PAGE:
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How a Didarganj Yakshi statue discovered by accident near Patna led to a colonial fight

The Didarganj Yakshi has been the focus of much debate on style, valuation, colonial and postcolonial biases and the representation of women in art.

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A life-sized Chunar stone statue of a female deity or guardian figure, possibly a yakshi,

excavated from Didarganj, near present-day Patna, the Didarganj yakshi statue is widely celebrated for its intricacy, polished surface and overall symmetry, as well as naturalistic and standardised style. The figure is depicted carrying a fly-whisk in her right hand, while her left arm and nose are damaged. The statue rests on a 40-centimetre tall stand, bringing it to a total height of 203 centimetres — all of which was carved from a single block of stone.

The Didarganj yakshi was rediscovered by accident on the banks of the Ganga by local residents in October 1917 and was worshipped for a brief period before being acquired by colonial-era archaeologists and moved to the Patna Museum. The explanation offered to the locals was that the statue represented a guardian figure, not a deity, and so was not intended for worship. This claim has been debated; the statue is widely, if not universally, considered to be a yakshi, qualifying as an elevated guardian deity meant to flank a more important figure on a temple wall or entrance. The interpretation rests on whether the fly-whisk is considered a sign of an attendant’s subservience or a guardian’s shared glory. Other features of the sculpture, namely its size, polished surface and carefully carved details such as the jewellery and drapery, have favoured the latter interpretation, indicating that the statue may have been positioned in a place of importance.


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The Didarganj yakshi has also been the focus of much debate on style, valuation, colonial and postcolonial biases and the representation of women in both ancient art and written art history. The age of the statue is also disputed, with earlier scholars placing it in the third century BCE while more recent scholarship places its origins in the first century CE. As a result, the artistic tradition and imperial patronage of the statue remains uncertain. Its naturalistic and standardised style may have been overvalued by colonial-era scholarship’s emphasis on Gandharan sculpture and Ashokan capitals. And so, possibly in an attempt to create distance between the history of Indian art and the Hellenic and Achaemenid roots of these sculptural traditions, the Didarganj yakshi, along with other sculptures, were dated to the third century BCE and presented as examples of a fully Indian style that was at least as old as sculptures like the Persianate lions of the Sarnath capital.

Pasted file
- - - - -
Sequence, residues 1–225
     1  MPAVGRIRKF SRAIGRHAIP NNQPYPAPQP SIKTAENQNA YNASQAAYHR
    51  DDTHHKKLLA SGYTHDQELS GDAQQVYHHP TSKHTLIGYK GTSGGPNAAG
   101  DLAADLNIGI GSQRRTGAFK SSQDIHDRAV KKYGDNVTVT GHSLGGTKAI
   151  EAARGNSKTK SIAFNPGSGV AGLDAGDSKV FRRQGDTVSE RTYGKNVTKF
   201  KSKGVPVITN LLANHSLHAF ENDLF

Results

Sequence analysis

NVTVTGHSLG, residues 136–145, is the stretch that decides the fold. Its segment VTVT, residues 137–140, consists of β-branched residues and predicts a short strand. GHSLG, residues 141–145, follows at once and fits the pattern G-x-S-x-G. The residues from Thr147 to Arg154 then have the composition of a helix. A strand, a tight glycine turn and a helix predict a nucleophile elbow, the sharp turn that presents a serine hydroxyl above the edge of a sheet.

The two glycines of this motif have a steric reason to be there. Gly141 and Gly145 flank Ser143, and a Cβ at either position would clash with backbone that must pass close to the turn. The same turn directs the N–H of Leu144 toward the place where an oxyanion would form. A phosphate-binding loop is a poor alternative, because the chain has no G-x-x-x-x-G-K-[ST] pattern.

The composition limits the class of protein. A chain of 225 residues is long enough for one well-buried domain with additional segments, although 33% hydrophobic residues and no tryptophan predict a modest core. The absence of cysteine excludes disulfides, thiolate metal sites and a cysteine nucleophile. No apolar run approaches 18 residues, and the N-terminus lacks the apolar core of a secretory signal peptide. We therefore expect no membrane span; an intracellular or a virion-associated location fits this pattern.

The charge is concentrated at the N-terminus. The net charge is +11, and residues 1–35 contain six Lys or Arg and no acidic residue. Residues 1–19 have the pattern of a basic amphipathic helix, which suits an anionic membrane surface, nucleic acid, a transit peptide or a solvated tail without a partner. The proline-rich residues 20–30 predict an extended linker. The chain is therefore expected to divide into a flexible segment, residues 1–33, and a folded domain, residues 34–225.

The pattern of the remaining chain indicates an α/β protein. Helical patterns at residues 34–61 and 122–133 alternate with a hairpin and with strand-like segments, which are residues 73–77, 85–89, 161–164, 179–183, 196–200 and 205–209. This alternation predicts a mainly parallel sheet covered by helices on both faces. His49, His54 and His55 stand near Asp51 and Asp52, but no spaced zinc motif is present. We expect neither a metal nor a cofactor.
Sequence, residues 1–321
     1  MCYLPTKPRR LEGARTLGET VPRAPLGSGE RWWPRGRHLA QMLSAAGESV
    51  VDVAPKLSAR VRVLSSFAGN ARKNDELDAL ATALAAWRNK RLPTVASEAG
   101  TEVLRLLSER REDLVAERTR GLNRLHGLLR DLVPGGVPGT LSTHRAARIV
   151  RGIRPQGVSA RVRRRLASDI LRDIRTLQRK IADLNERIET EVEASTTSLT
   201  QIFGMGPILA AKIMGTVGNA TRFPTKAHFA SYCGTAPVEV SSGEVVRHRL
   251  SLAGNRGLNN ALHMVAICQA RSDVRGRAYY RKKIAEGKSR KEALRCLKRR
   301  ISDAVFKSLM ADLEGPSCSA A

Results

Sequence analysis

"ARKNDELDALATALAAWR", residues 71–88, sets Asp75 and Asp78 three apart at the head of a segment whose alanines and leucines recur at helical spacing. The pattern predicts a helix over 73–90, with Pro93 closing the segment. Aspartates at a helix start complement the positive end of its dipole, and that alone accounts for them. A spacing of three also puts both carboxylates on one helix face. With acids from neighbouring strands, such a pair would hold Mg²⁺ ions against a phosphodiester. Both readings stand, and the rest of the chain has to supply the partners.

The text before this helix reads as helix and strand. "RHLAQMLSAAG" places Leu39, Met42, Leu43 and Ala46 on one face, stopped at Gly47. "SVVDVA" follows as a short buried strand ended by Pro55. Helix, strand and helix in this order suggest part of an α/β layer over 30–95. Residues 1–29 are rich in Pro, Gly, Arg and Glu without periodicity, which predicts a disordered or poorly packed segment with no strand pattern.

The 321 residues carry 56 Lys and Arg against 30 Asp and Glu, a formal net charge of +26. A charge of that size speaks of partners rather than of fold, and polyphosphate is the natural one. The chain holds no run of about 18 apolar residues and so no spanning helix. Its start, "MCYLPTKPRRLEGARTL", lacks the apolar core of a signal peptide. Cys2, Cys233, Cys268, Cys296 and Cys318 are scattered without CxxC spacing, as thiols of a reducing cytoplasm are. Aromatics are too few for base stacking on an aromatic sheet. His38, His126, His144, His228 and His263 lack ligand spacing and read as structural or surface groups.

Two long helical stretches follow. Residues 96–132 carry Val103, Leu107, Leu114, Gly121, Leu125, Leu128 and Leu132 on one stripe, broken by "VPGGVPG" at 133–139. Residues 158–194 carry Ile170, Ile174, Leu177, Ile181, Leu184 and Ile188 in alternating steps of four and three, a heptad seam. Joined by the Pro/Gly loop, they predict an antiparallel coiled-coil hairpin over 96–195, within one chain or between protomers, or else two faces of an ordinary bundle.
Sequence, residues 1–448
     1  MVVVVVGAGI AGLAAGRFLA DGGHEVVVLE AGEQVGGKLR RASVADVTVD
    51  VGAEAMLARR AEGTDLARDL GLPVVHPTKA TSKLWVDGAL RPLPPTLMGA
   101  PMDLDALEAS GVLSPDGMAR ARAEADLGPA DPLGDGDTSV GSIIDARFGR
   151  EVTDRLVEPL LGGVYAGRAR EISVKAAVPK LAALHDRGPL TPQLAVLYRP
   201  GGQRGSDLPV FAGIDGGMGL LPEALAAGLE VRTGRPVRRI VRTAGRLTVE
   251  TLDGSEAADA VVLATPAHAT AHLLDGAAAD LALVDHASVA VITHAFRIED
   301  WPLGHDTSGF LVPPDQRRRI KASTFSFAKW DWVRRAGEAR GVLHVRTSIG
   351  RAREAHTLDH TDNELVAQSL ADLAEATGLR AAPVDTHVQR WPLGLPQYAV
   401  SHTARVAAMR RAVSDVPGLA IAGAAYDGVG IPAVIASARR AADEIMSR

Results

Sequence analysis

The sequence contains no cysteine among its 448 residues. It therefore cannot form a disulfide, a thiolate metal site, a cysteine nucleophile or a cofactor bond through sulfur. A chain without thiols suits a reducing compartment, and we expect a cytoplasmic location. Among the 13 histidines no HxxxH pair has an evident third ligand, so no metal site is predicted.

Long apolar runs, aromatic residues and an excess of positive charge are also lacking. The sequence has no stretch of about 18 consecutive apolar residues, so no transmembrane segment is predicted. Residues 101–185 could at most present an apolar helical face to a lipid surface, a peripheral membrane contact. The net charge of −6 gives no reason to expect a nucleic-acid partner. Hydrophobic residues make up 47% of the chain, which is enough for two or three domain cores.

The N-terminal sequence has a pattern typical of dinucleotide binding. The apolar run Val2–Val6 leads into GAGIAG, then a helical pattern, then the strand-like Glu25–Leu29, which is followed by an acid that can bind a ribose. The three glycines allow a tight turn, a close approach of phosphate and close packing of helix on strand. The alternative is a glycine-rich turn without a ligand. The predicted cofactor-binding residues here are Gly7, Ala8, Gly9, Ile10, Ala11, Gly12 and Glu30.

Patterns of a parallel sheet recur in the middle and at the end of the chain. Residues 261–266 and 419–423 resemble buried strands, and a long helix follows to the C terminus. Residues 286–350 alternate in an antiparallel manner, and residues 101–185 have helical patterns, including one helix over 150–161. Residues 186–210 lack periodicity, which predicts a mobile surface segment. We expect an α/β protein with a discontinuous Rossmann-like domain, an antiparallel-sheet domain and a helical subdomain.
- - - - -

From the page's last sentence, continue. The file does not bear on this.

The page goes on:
The nationalistic fervour of the twentieth century encouraged the argument that the statue was of Mauryan origin, but without the Persian influence. This claim was further developed on the basis that the statue was made from polished stone — which is characteristic of Mauryan sculpture — and its discovery near Patna, the former capital of the Mauryan Empire. However, more recent scholarship asserts that both the polish and the naturalistic rendering of the figure was a lingering stylistic influence adopted by sculptors operating under the Central Asian Kushan Empire in the first or second century CE, about three hundred years after the Mauryans. This theory is supported by the double bundle in the yakshi’s hair, a popular style and artistic choice among sculptures of the Kushan Empire. This later date aligns with the progressive standardisation of Indian sculpture in the first millenium CE, whereas placing the yakshi in the third century BCE would create a centuries-wide gap in that history.

The statue’s prominent breasts and wide hips have also been the focus of much debate. One interpretation has been that — much like the surasundaris on the walls of the Khajuraho temples from nearly a millennium later — the yakshi’s voluptuous form was seen as the beginning of an aesthetic path to spiritual understanding, wherein eroticism is seen simply as another play of form. Another view was that the yakshi’s exaggerated and sexualised features represented fertility and young motherhood, although both these views are at odds with the guardian duties or the iconographic role of a yakshi. It is generally agreed that her appearance was originally envisioned as an idealised version of the female body, and a depiction made as a matter of course rather than a conscious act of representation.


Also read: Ganjifa —The Persian game that became symbol of status for Indians in Mughal era


The Didarganj yakshi was first housed in the Patna Museum and has been exhibited across the world as a fine example of Indian sculpture, including the 1947 exhibition “Art from the Dominions of India and Pakistan” in London and the “Festivals of India” exhibitions in France and the USA in the mid-1980s. Upon discovering slight damage to the yakshi’s left cheek when the statue returned to New Delhi, the Patna Museum refused to take it back without compensation to the Bihar government. The statue was finally returned to Patna in 1989 and moved to the Bihar Museum in 2017.

This excerpt is taken from MAP Academy’s ‘Encyclopedia of Art’ with permission.

The MAP Academy is a non-profit, online platform — consisting of an Encyclopedia, Courses and a Blog — which encourages knowledge building and engagement with the visual arts of the region.

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